A mother cell-to-forespore channel: Current understanding and future challenges

Adam D. Crawshaw, Monica Paula Miranda, Will A. Stanley, Adriano Jose Henriques, Paula S. Salgado

Research output: Contribution to journalReview articlepeer-review

23 Citations (Scopus)


Formation of endospores allows some bacteria to survive extreme nutrient limitation. The resulting dormant cell, the spore, persists in the environment and is highly resistant to physical and chemical stresses. During spore formation, cells divide asymmetrically and the mother cell engulfs the developing spore, encasing it within a double membrane and isolating it from the medium. Communication between mother cell and isolated forespore involves a specialised connection system that allows nurturing of the forespore and continued macromolecular synthesis, required to finalise spore maturation. Here, we review current understanding of this feeding channel formed by a forespore protein, SpoIIQ, and a mother cell protein, SpoIIIAH, in the model organism Bacillus subtilis and the important human pathogen Clostridium difficile. We also analyse the presence of this channel across endospore-forming bacteria and highlight the main questions still remaining. We review the current understanding of a channel that allows communication between forespore and mother cell and highlight the main questions still to be investigated. Copyright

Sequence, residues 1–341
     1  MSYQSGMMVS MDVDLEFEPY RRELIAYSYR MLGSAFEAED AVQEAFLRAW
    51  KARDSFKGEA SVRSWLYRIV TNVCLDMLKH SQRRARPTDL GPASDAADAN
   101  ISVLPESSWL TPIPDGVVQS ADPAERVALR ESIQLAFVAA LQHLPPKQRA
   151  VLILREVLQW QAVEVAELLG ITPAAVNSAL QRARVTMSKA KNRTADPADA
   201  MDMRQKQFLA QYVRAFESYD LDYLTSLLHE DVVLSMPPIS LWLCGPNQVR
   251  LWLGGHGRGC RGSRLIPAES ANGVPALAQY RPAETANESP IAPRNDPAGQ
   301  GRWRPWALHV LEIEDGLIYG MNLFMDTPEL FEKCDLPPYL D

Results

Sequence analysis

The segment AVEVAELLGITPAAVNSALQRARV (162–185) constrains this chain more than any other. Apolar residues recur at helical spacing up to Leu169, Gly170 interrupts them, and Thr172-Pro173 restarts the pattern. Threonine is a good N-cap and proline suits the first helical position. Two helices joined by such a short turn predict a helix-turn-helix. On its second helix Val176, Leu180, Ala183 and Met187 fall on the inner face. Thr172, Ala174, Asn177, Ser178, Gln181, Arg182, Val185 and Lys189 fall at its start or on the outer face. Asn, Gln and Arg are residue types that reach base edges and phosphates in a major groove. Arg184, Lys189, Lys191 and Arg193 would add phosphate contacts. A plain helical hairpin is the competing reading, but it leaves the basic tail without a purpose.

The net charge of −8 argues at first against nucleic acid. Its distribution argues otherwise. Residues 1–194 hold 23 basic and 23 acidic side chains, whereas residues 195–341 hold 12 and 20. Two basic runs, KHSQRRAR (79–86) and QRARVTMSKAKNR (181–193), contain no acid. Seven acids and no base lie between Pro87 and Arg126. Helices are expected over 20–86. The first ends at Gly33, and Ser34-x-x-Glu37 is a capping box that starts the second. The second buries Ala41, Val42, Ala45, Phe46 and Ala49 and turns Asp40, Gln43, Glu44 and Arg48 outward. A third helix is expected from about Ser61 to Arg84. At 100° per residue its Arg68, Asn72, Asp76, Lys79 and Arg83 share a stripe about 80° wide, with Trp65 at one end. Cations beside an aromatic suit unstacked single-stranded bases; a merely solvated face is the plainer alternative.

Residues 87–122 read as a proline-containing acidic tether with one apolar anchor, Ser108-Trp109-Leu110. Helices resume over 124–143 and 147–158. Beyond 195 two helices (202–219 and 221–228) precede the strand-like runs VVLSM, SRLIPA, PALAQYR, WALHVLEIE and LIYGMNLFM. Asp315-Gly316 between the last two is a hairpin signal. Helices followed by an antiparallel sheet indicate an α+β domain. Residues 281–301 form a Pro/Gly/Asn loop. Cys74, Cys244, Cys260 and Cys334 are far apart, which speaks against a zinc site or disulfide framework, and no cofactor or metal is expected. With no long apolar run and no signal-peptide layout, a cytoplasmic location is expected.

Original languageEnglish
Pages (from-to)129-136
Number of pages8
JournalFEMS Microbiology Letters
Issue number2
Publication statusPublished - 1 Sep 2014


  • spoIIIA
  • spoIIQ
  • Cell-cell communication
  • Clostridium difficile
  • Sigma factor
  • Sporulation


Dive into the research topics of 'A mother cell-to-forespore channel: Current understanding and future challenges'. Together they form a unique fingerprint.

Cite this